For the first time in Santa Cruz history, voters will have a direct say in determining who their next mayor will be.

Measure E, approved by voters on June 8, established at-large mayoral elections, along with a six-district map. Previously, the mayor was appointed annually by the City Council from its members and rotated yearly between council members. 

Fred Keeley and Joy Schendledecker are the two candidates running for election. City on a Hill Press spoke to Keeley and Schendledecker about Santa Cruz’s most pressing issues, such as transportation, houselessness, and policing. 

Fred Keeley 

Before Santa Cruz voted to establish at-large mayoral elections, Fred Keeley, 72, had no intention of becoming the mayor. After serving in the California State Legislature, he shifted focus to his various professorships and non-profit work. In June, his colleagues began asking him to run.

“I don’t want to overstate this,” Keeley said, “But I started getting phone calls and people were […] saying, ‘Hey, if we’re going to have six districts and a directly elected mayor, that first mayor better be somebody who knows what they’re doing.’”

Just a month later, Keeley announced his candidacy. 

Keeley served as the County Supervisor for eight years, the County Treasurer for 10, and was a member of California’s State Assembly for six. Moreover, his connections within Santa Cruz’s political realm are extensive and long-standing. Keeley is endorsed by current Mayor Sonja Brunner and several members of the City Council, including Renee Golder and Sandy Brown.  

Joy Schendledecker

At the heart of Joy Schendledecker’s campaign is her two decades of work as a community organizer. To her, both social activism and electoral politics require empathy and dialogue. 

“We can’t just be pushing on our own agenda so much that we’re not taking the time to listen to people, especially the people that are most affected by whatever we’re working on,” said Schendledecker.

Schendledecker, 47, co-founded Santa Cruz Cares, a collective that works to address local issues in Santa Cruz, along with Sanitation for the People, a mutual aid group that works toward waste management and sanitation for all citizens.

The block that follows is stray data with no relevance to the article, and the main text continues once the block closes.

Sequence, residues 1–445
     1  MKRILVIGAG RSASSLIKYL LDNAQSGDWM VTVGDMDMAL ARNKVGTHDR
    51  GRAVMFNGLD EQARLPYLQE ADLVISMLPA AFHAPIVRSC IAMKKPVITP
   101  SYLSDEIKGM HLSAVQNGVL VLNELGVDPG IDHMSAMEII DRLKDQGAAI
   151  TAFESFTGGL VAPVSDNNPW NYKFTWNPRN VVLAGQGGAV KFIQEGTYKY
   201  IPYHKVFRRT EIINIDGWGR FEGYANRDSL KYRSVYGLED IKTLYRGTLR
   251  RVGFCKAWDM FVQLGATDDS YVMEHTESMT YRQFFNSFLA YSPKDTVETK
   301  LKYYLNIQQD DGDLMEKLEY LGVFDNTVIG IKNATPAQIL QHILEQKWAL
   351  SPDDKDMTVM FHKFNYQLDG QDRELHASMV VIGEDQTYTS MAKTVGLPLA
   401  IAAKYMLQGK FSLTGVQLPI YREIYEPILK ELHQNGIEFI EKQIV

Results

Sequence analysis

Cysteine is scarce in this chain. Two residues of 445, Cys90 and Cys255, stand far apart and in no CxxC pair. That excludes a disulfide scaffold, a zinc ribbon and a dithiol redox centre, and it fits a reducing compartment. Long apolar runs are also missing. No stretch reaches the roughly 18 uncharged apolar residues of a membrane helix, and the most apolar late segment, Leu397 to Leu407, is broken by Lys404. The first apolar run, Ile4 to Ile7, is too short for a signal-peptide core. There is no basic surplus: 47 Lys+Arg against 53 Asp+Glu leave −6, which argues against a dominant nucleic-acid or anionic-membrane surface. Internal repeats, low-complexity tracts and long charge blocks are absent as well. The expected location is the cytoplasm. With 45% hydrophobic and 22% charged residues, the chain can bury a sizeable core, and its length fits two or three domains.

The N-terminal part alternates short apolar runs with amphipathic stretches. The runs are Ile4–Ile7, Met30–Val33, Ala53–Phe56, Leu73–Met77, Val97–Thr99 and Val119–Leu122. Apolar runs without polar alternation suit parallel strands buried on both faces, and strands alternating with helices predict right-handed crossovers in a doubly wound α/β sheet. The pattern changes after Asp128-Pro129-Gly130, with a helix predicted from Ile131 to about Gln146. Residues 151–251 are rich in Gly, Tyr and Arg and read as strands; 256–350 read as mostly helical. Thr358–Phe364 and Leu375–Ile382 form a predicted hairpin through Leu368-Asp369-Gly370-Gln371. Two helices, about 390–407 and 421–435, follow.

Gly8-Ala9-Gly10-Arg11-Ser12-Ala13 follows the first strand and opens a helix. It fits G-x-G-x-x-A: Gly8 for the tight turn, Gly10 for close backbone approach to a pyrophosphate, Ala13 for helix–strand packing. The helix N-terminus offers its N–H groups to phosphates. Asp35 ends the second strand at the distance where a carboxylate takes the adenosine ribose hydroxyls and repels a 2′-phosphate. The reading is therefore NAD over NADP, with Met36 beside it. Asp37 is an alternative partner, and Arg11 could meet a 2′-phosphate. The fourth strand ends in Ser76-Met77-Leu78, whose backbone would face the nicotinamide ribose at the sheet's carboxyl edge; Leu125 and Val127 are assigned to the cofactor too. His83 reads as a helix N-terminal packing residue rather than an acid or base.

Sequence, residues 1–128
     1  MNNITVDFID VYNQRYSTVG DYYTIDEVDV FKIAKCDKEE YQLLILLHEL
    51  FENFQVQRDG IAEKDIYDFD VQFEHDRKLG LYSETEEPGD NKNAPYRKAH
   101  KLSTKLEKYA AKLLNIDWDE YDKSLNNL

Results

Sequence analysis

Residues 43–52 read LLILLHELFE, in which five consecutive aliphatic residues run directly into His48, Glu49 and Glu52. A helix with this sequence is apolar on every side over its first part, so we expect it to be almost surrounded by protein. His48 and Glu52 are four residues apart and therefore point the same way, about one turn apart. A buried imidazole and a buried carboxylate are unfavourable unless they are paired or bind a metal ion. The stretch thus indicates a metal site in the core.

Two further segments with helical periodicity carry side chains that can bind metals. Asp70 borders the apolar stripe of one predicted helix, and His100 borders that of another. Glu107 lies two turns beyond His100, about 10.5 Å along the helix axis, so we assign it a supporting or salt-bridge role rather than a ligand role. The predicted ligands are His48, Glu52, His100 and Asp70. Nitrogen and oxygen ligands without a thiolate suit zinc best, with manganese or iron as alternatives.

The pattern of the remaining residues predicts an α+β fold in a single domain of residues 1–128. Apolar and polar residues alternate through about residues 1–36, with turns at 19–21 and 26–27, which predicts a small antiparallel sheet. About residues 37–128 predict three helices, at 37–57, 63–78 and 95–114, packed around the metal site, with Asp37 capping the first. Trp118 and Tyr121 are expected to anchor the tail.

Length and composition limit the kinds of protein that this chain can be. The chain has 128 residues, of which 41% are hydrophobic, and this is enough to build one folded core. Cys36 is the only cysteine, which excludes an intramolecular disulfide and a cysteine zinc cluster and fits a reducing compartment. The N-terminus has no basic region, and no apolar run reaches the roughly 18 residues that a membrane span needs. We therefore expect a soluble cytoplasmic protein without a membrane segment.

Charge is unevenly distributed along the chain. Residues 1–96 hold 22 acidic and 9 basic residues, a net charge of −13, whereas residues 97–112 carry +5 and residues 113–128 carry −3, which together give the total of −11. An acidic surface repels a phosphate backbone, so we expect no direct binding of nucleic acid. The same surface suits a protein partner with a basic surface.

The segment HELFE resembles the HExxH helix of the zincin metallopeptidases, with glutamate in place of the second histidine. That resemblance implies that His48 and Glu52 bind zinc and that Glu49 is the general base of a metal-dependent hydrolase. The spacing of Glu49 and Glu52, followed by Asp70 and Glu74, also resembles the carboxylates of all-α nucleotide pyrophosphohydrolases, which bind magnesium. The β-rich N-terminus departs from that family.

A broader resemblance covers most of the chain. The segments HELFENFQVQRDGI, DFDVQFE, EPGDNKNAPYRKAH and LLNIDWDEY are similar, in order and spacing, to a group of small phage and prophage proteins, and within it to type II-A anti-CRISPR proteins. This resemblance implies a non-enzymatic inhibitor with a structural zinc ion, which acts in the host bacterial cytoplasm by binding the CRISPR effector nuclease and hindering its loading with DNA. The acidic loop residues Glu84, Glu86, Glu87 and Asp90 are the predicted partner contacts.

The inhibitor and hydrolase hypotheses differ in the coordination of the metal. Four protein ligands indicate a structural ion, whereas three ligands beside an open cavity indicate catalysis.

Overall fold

Before moving to Santa Cruz, Schendledecker served on a board of governors at a public school in London for two years. If elected, this will be her first time serving in elected office. She has received endorsement from the People’s Democratic Club of Santa Cruz County, Santa Cruz for Bernie, the California Nurses Association, and the Campaign for Sustainable Transportation.

Now that you’ve gotten an overview of their resume, where do they each stand on the issues?


Keeley notes that addressing houselessness requires collaboration from the County and the City of Santa Cruz, each having their own responsibilities. 

“The fact that homelessness manifests itself so clearly in the City of Santa Cruz does not make it solely the City of Santa Cruz government’s responsibility to solve the problem,” Keeley said. “It’s really two governments that need to do this. [Counties] exist to deliver Federal and State Health and Human Services […], cities are designed to build things.”

If he is elected, Keeley plans to negotiate a public bond for the 2024 ballot, which would address the city’s responsibilities in combating the housing crisis: providing shelter, navigation, and permanent supportive housing to its residents. 

To Schendledecker, addressing the houselessness crisis in Santa Cruz requires a shift away from criminalization of housing status and narratives that paint houseless people in a negative light. 

“We need more safe places for people to exist, whether it’s transitional encampments or safe parking programs,” Schendledecker said. “We just have to find ways to break through neighborhood fears about having services located in our neighborhoods. That’s going to take a little time because previous council members have tried and had an incredible amount of pushback. So I think we need to get the community at least more on board with that.”